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U OF M / Biology / BIOL 3301 / Once viral infection of a host cell occurs, what will happen?

Once viral infection of a host cell occurs, what will happen?

Once viral infection of a host cell occurs, what will happen?

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School: University of Minnesota
Department: Biology
Course: Biology of Microorganisms
Professor: Christian mohr
Term: Fall 2016
Tags: Microbiology
Cost: 25
Name: Microbio Week 3 Lectures 4 (cont), 5, and 6
Description: These are the last set of lecture notes included in our upcoming exam, keep an eye out for my Midterm #1 Study Guide!
Uploaded: 09/22/2016
7 Pages 33 Views 3 Unlocks
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Prof. Mohr  


Once viral infection of a host cell occurs, what will happen?



9/20/16

Reading: Chapter Sections 6.1, 6.2, 6.3

Lecture 4 (cont)

Viruses

Viral Multiplication/Life Cycle

1. Attachment to host cell

2. Entry and uncoating  

3. Synthesis of viral proteins and nucleic acids

4. Assembly of capsids

5. Release of virions  

Once viral infection of a host cell occurs...

∙ Viral genome replicated

∙ Viral mRNA made (transcription), used to make viral proteins (translation) ∙ Consider the Central Dogma of Information Flow

∙ The primary factor determining the life cycle of an animal virus is the form of  its genome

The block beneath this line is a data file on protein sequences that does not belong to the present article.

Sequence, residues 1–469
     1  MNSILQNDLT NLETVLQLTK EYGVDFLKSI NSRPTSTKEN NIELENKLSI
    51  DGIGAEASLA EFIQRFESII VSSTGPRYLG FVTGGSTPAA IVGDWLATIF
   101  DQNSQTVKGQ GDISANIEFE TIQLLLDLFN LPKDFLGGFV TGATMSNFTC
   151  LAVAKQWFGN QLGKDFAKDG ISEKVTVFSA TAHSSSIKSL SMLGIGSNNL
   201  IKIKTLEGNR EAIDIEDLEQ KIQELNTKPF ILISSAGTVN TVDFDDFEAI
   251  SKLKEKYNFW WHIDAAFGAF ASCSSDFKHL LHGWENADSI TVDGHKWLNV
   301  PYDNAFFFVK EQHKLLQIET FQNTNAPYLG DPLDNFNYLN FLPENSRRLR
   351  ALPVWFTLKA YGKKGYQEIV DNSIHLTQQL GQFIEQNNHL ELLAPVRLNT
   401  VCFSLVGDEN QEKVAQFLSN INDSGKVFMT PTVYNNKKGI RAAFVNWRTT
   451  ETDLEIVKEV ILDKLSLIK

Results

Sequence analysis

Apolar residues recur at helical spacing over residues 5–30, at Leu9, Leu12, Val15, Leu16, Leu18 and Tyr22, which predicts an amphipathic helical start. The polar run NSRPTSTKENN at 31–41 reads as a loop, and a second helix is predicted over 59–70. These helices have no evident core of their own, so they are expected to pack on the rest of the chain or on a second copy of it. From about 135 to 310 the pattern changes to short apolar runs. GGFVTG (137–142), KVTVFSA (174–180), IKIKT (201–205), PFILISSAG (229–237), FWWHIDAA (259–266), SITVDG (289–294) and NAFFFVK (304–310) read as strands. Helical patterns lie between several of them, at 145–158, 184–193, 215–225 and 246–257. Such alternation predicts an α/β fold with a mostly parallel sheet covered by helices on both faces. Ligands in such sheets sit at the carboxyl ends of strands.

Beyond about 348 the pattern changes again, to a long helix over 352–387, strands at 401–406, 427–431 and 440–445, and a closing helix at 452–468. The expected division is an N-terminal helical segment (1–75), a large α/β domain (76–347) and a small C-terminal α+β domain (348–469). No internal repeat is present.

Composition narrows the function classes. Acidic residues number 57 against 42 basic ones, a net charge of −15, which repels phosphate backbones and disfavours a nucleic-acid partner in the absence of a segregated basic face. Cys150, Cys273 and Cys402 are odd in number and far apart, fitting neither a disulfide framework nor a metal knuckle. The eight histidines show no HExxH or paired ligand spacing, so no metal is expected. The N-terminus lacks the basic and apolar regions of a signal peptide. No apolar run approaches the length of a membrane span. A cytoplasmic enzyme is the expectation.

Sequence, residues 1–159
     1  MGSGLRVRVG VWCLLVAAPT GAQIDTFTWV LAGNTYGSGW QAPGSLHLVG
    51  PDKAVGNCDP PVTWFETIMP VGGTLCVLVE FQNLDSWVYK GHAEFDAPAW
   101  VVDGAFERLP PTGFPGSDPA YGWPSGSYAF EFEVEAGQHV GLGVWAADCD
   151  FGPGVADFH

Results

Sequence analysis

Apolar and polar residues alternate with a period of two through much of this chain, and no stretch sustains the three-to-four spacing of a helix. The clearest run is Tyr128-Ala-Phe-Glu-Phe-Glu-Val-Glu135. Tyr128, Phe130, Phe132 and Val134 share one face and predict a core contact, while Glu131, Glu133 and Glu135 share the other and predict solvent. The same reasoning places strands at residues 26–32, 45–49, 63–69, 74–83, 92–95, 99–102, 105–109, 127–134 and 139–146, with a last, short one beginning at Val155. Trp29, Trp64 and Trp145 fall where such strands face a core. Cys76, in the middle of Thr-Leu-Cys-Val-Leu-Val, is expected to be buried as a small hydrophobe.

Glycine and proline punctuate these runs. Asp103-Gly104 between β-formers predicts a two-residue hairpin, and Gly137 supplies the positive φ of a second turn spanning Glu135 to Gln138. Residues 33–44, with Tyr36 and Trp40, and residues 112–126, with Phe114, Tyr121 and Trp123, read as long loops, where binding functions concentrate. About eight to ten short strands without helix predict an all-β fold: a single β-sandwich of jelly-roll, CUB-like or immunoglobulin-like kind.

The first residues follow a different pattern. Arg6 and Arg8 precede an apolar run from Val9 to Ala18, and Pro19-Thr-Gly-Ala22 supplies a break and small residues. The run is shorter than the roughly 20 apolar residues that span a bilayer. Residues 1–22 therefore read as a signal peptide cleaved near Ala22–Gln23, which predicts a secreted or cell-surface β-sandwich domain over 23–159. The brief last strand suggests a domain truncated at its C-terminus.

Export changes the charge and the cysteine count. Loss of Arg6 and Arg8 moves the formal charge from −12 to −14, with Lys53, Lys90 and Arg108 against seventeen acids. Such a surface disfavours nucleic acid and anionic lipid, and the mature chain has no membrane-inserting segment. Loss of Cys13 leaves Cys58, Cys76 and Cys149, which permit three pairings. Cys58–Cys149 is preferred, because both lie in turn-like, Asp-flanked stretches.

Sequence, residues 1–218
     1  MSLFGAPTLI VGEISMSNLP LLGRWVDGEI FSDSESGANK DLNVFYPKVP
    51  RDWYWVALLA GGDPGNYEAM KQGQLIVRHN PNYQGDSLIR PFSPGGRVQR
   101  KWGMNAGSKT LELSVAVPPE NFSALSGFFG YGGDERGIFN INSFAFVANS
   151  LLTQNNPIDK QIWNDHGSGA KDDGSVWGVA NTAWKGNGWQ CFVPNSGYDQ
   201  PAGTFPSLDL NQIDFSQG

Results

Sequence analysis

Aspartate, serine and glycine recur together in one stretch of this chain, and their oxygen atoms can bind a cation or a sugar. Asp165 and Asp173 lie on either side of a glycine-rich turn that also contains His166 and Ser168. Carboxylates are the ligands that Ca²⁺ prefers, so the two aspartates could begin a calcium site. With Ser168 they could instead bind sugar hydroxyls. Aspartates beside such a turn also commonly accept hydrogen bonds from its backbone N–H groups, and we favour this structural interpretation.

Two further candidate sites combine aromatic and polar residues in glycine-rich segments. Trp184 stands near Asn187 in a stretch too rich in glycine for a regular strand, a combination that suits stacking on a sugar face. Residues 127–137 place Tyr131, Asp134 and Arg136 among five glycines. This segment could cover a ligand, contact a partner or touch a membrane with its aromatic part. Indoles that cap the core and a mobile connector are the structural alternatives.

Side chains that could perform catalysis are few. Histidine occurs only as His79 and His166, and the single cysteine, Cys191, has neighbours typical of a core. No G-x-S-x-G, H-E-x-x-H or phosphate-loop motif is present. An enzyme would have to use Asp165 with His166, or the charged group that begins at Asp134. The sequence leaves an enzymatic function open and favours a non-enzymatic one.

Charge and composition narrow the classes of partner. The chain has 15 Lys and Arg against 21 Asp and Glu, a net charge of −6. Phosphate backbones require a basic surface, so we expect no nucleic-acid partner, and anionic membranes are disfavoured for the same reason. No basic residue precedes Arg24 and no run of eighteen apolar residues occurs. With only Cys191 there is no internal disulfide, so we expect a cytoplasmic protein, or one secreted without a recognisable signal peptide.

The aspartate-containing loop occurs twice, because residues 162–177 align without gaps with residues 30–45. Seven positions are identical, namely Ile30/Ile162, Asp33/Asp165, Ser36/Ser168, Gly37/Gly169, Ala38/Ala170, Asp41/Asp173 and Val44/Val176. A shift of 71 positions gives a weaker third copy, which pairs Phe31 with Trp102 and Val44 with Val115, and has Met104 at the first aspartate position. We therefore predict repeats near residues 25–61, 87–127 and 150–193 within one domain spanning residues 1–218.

What is the difference between viroids and prions?



∙ DNA viruses

 Typically replicate in nucleolus  

 Use host DNA polymerase DNA -> DNA

 Exception: Herpes Viruses, use their own DNA polymerase  

∙ RNA Viruses

 Typically replicate in cytoplasm  

 Use viral RNA Replicases RNA -> RNA

∙ Retroviruses (ex. HIV)

 Use reverse transcriptase

 Copies RNA genome into DNA

 DNA copy becomes integrated into host chromosome  

Animal Virus Synthesis and Assembly:

∙ Synthesis

∙ All viruses make proteins using host ribosomes

∙ Translation in cytoplasm  


What sources can microbes use in nitrogen?



∙ Assembly We also discuss several other topics like How fast do images have to move to get rid of the black flickers?

 Capsid + genome = Nucleoid capsid

 In cytoplasm or nucleus  

 Spike proteins insert into membrane

∙ Animal Virus release  

 Lysis or Budding (membrane lipids surround capsid to form envelope)

Prof. Mohr  

9/20/16

Reading: Chapter Sections 6.6, 6.7 Viroids and Prions, Chap 3: pgs 49 - 53 Lecture 5

Microbial Nutrition and Growth  

Even smaller than a virus:

∙ Viroids- RNA only

 Infectious agent but not a virus